harvestlice (Agrimonia parviflora)
small flowered agrimony
A variety of common names is currently being used in text and
SCIENTIFIC SYNONYMS: There are no scientific synoyms for
CONFIRMATION STATUS: Pending confirmation.
TAXONOMY: The currently accepted scientific name for harvist lice
is Agrimonia parviflora Aiton.
NATIVE STATUS: Native, United States and Canada.
GENERAL BOTANICAL CHARACTERISTICS:
Habit: This native perennial wildflower is 2½–5' tall. The stout central
stem is unbranched, terete, and light green, reddish green, or brownish
green; it is covered with long hairs that are white or light brown. Along
each stem, there are widely spreading alternate leaves.
Leaves: The leaves are odd-pinnate and up to 2' long and ½' across; each
leaf has 9-17 primary leaflets and smaller secondary leaflets. The second-
ary leaflets are located between pairs of primary leaflets. Individual prim-
ary leaflets are 2-3" long and about one-third as much across; they are nar-
rowly lanceolate, narrowly oblanceolate, or elliptic with wedge-shaped bot-
toms and acute tips. Leaflet margins are coarsely dentate. The upper sur-
face of each leaflet is yellowish green and hairless, while the lower surface
is short-pubescent. Secondary leaflets are similar to the primary leaflets,
but they are much smaller in size (less than 1" long). Both the petiole and
rachis of each compound leaf are pubescent; quite often, they have sparse
long hairs. At the base of each leaf, there is a pair of large stipules that are
fan-shaped and either coarsely dentate or cleft with pointed lobes.
Flowers: The central stem terminates in a long spike-like raceme about ¾–
2½' long. Robust plants also produce secondary racemes from the axils of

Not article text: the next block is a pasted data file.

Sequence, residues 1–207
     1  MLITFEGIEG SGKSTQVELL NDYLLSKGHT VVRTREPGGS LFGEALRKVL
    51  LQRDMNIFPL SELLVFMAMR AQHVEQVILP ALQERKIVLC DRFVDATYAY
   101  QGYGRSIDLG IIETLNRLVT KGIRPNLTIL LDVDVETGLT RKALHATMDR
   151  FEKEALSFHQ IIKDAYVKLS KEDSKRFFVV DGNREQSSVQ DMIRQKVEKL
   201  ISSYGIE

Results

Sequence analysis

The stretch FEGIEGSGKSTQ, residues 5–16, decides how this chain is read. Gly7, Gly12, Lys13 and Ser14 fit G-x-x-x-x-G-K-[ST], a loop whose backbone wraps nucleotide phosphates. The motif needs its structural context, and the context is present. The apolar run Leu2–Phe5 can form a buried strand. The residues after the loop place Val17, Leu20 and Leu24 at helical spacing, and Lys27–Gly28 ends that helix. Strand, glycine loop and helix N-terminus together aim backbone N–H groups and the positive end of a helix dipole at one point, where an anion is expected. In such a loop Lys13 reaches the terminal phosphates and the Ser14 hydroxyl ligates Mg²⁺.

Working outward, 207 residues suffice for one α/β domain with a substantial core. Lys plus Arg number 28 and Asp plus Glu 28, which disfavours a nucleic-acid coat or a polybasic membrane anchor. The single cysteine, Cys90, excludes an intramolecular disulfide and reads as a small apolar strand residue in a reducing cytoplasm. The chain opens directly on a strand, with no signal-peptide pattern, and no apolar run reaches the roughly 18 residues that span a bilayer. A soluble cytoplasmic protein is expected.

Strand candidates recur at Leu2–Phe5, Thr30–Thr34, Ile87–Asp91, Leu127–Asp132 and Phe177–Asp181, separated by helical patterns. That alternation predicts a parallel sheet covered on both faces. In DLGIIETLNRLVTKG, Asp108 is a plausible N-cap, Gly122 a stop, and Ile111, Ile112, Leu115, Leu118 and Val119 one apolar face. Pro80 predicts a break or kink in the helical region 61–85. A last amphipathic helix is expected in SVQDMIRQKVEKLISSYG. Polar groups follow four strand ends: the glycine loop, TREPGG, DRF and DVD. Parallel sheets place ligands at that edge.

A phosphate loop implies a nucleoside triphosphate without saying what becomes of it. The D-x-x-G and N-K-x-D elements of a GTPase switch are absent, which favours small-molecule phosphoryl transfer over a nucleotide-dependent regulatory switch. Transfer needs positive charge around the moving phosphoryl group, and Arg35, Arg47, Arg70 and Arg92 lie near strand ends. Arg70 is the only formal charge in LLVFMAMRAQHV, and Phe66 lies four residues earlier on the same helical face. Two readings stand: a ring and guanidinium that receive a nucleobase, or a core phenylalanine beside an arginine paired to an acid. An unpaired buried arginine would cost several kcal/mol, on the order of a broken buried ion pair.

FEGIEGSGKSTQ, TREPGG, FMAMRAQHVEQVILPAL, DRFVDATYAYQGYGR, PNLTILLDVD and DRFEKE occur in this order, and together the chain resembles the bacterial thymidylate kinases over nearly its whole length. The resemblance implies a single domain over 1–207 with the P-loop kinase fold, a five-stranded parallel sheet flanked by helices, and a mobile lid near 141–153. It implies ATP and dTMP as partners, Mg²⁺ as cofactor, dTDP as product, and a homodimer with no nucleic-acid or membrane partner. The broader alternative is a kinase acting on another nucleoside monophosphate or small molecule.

the upper leaves that are shorter than the terminal raceme. These racemes
are usually more or less erect, although longer racemes sometimes bend
sideways to become nearly horizontal with the ground. The central stalk
of the raceme is light green, terete, and short-pubescent. Numerous small
flowers about ¼" across occur along the length of the raceme on short stalks
about 1/8" long. Individual flowers consist of a tubular green calyx, 5 yel-
low petals, about 10 stamens, and a central pistil. The tubular calyx is tur-
binate in shape and 10-ribbed.
Fruit/Seeds: The flowers are replaced by 1-2 seeded fruits about ¼" across.
These small fruits have numerous hooked prickles along the upper rims of
their persistent calyxes. Immature fruits are green, while mature fruits are
Roots: The root system is fibrous and rhizomatous. Vegetative colonies of
plants are often produced.
REGENERATION PROCESS: Swamp agrimony propogates itself by re-
seeding and vegetative spread.
HABITAT TYPES: Habitats include openings in floodplain woodlands,
swamps, soggy thickets, gravelly seeps, riverbottom prairies and prairie
swales, and roadside ditches. The preceding habitats can be either sandy
SITE CHARACTERISTICS: Swamp agrimony prefers full sun to light
shade, moist conditions, and loamy, silty, gravelly, or sandy soil. It tolerates temporary flooding during the spring.
SEASONAL DEVELOPMENT: The blooming period occurs from mid-
to late summer and lasts about 1-2 months.
GENERAL DISTRIBUTION: Harvist lice is found throughout the east-
ern United States, from Georgia to New England (excluding Maine, Ver-
mont and New Hamphire). It extends westward through the Ohio Valley
and the Gulf Coast States (except Florida) to Texas and northward to
South Dakota and Minnesota. It also occurs only in Ontario. It does not
naturally occur in the southwest, far west, Rocky Mountain, or northwest
states or provinces.
SKY MEADOWS DISTRIBUTION: To be determined.
IMPORTANCE AND USES: The nectar and pollen of the flowers attract
small bees and flower flies (Syrphidae). Larvae of the midge, Contarinia agrimoniae, feed on the flower buds, flowers, and developing seeds of Agri-
monia spp. and other species in the Rose Family, while an aphid, Macro-
siphum agrimoniellum, sucks juices from the flowering stems. Insects that
feed on the foliage of Agrimonia spp. include larvae of a sawfly (Fenella
nigrita), larvae of a Gelechiid moth (Anacampsis agrimoniella), and larvae
of a Tischeriid moth (Coptotriche agrimoniella). Because the foliage is bit-
ter-tasting and high in tannins, it is usually avoided by mammalian herbi-
vores. The bur-like fruits can cling to the fur of mammals, the feathers of
birds, and the clothing of humans, which spreads the seeds to new locations.
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Crooked Run Valley